“Reclaiming the Conversation” and Lecture

Ryan McCann

Dr. Lay

WSC 002

February 27th

“Reclaiming the Conversation” and Lecture

While reading from Sherry Turkle’s Reclaiming the Conversation I found points that I disagreed with more than things that I had agreed with. She argued that phones are making us less social and that people aren’t paying as much attention to each other as they used to and how this is affecting families in our American culture. Turkle writes “So children, from the earliest stages, complain about having to compete with smart phones for their parents’ attention. – An eight year old boy gets up from the table and tugs at his mothers sleeve when she takes out her phone during the meal. ‘No. Not now. Not now!’ he pleads. As she turns back to her child, the mother says, ‘Mommy has to make a quick call.’ The boy returns to his chair, sullen. (104)” This little story that Turkle tells might be accurate in some cases but most parents have reasons to take phone calls; such as business or important family matters. No good parent would neglect their child to call their friend to gossip or talk about their day. I did agree with this point to a certain extent though, since many families are definitely less social than they used to be with each other, however I don’t think it’s as bad as Turkle makes it out to be.

Shortly after the point previously stated, Turkle wrote about parents using their phones instead of spending time with their kids, she then says “Families tell me they like to have their arguments through text, email, and Gchat – that this helps them express themselves more precisely.” I enjoyed this quote because I agree with the families that have arguments like this. If done correctly this is a great way to make sure that arguments don’t get too heated and that people feelings don’t get hurt. This also helps ensure that the arguers think about what they say before they type it instead of just blurting out the first thing they think of.

After attending the presentation that Turkle gave here at Hofstra, my stance changed on the subject that she was discussing. I was completely opposed to her views on technology after reading the excerpt from Reclaiming the Conversation, this was most likely since I read the excerpt in a different tone than how she intended to write it. She started the presentation by emphasizing that she is not anti-technology. She couldn’t stress this enough and this made me skeptical. I wanted her to explain herself. I was pleasantly surprised at the arguments she was making for technology, but what really stuck with me was that she was now able to explain herself and share her experiences so that I better understood them. One experience that I remember her sharing is that while some of her students were sharing very intense stories bout their lives before attending MIT and struggling to make it there, other students were on their phones or computers not really paying attention. Hearing this I was a little shocked. MIT students, some of the smartest people in the country, were on their phones during class and not listening to their peers’ stories? Stories about their resilience and how they overcame the struggles in their lives to get to where they are now. These stories should be so intriguing to these bright young minds but instead they’re on their phones not listening to their peers.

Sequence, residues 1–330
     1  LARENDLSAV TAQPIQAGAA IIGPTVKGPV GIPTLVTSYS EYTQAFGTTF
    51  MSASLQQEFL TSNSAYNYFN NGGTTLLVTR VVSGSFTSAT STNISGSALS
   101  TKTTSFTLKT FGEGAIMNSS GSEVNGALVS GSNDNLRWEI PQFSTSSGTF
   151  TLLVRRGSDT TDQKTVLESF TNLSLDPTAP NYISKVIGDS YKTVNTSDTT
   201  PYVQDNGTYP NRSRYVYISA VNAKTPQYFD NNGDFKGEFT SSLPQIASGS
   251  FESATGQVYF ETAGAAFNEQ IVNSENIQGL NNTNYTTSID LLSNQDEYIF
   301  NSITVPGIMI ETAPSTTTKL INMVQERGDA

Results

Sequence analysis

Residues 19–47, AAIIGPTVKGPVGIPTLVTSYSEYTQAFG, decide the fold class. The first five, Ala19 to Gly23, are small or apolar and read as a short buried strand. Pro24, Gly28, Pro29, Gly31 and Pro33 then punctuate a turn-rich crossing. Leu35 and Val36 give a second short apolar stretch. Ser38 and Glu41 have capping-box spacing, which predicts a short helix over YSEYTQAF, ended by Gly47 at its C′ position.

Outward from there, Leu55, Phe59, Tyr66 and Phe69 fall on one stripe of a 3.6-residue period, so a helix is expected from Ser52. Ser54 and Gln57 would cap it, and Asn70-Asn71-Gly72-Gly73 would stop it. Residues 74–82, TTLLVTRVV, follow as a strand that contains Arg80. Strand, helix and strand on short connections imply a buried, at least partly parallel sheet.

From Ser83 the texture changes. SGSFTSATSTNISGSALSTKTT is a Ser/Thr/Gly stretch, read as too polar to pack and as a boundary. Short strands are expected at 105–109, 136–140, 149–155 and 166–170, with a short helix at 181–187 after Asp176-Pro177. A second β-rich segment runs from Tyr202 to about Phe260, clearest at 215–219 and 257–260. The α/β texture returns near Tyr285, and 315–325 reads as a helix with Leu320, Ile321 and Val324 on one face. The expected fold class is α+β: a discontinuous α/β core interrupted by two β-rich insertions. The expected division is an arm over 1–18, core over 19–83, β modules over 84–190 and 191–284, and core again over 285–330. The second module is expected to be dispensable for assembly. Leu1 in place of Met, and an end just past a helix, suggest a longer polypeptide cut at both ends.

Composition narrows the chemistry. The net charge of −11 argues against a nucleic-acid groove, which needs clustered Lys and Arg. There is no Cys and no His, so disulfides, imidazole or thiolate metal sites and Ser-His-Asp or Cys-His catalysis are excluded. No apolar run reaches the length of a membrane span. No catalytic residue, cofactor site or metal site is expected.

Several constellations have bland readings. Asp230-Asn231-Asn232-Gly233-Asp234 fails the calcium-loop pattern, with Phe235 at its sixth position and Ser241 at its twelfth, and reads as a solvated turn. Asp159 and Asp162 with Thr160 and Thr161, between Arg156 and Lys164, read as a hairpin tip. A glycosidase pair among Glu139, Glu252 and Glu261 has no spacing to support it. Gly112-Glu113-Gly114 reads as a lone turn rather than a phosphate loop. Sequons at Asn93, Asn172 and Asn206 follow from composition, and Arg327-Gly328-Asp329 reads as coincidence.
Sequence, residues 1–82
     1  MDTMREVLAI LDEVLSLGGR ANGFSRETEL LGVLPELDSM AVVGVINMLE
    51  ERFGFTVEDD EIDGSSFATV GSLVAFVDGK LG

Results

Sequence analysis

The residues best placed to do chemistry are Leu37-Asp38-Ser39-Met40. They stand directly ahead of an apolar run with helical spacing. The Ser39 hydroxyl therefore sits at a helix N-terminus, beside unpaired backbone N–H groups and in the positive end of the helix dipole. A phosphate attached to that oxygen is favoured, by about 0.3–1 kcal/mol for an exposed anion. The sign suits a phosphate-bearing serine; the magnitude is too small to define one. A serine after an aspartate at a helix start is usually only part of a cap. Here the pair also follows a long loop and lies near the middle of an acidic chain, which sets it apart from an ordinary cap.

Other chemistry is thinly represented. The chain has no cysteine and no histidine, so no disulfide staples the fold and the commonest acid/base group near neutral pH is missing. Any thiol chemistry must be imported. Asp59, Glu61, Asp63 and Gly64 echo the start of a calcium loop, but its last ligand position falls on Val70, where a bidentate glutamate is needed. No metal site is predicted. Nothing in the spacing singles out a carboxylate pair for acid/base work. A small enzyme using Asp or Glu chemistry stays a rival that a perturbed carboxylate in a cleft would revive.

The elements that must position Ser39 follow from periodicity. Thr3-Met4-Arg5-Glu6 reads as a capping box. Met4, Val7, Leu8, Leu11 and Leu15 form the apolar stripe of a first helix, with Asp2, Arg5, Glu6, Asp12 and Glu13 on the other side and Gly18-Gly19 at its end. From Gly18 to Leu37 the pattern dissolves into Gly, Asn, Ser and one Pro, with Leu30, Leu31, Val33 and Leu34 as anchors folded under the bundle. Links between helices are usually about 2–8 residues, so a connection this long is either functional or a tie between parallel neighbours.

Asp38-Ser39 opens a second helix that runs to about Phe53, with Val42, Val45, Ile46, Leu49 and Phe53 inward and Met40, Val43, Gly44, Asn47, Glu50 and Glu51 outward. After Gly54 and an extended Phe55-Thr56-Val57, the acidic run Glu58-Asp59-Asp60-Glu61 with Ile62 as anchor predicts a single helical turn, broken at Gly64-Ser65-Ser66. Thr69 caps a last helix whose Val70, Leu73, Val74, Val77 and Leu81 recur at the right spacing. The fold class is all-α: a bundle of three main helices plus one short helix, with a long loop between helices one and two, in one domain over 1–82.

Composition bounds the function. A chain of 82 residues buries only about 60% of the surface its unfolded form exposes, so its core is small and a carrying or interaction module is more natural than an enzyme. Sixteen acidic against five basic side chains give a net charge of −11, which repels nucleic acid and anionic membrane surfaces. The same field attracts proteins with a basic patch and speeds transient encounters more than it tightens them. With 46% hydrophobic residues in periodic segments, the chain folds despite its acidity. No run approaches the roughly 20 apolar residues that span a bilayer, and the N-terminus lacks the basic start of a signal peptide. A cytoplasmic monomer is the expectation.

Another example that she gives is when her colleagues get together for a department meeting, they all greet each other warmly and then sit down and open their computers instead of conversing until the meeting officially starts. Then afterwards they text and drive in the parking lot. This seems like it would be very upsetting for Turkle, and understandably so. Some of the greatest minds in the country are doing something as silly as texting and driving. These two points that she made proved to me that she really is pro technology but only if it’s used correctly. For educational purposes, communication, to keep up with current events, and things of that sort. Not while someone else is talking or when you’re with a friend one on one having a conversation.

Although when I read the excerpt from Reclaiming the Conversation, I had ideals that disagreed with Turkle, I overall enjoyed the article since I see technology as helping people become more social as long as it’s in moderation and doesn’t consume us as a society. This seems to be the main idea that she was talking about during her presentation here at Hofstra; use technology, but don’t let it take away from personal interaction.


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